NASJE Conference Session on Monday, October 5, 2015
Article by Rob Godfrey (UT)
This session covered different ways that the judicial education departments from three different states have gone about creating leadership programs within their education systems. First, Jeff Schrade, Education Services Division Director for the Arizona Supreme Court Administrative Office of the Courts, asked “Will your succession plan work?” Looking at internal versus external hiring and promoting of employees, he offered some nation-wide facts for consideration.
External hires are 61% more likely to be fired and 21% more likely than internal hires to leave a job on their own accord. They are more likely to get lower marks in performance reviews during their first two years on the job. 66% of senior managers hired from outside usually fail within the first 18 months.
Schrade said that buy-in from the top was critically important and with that in mind, the Arizona Leadership Programs created a diverse court leadership institute using the following tiered competencies:
- Executive +
This model allows employees to be inserted at the appropriate level according to where they were at the time.
In the Ohio Supreme Court system, Margaret Allen, Education Program Manager, says they utilize Institute for Court Management (ICM) courses as a basis for curriculum. Arizona also utilizes ICM. Ohio and Arizona focus on organizational management, using six courses total or two per year for three years. They developed an application form that lists desired minimal skills to discern qualified applicants. The forms are reviewed by an ICM committee and certified court executives. The supervisor series consists of nine courses or three per year and focus on management of personnel.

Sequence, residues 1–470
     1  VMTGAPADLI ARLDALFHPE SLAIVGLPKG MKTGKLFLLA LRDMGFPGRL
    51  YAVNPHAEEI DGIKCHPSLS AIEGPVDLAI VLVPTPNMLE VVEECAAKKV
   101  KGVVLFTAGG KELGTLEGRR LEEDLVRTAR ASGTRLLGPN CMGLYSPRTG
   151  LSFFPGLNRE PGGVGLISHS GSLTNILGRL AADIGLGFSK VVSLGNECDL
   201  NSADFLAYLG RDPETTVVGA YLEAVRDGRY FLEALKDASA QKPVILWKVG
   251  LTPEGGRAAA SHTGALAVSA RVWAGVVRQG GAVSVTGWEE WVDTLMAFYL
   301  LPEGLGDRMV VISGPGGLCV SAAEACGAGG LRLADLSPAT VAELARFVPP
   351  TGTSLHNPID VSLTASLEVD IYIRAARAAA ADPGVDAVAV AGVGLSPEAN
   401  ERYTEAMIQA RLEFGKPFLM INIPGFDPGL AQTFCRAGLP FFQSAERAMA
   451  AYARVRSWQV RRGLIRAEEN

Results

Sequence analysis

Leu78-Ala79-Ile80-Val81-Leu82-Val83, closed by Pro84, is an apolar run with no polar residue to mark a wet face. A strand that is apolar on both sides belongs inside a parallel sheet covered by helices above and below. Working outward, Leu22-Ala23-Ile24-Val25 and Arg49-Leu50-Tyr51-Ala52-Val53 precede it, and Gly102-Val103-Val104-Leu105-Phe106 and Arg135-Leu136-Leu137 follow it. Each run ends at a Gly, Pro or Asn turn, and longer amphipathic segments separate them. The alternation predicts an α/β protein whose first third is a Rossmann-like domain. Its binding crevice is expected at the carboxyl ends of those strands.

In Missouri, State Court Administrator, Anthony Simones, found early in his tenure that the clerks had low morale, work was substandard, and turnover was high. He felt the first goal was to turn around the clerks’ view of themselves. He relied heavily on the court clerk education committee. The Missouri Court Management Institute developed courses on case processing, leadership skills and professionalism.
Missouri started with small time allotment for classes and added more as demand grew. Clerks can complete their six courses in one year and the number per class is limited to 25. Clerks learn to think like professionals by being challenged to think like professionals. Tactics for classes include simulations and exercises designed to develop leadership skills. In the supervision course, they are constantly asked, “How would you handle this?” In the professionalism course, the mantra is, “What they do in the classroom is what they do in the courtroom.” Simones believes in treating clerks as professionals. He wants to make courses as demanding and interactive as those in other areas.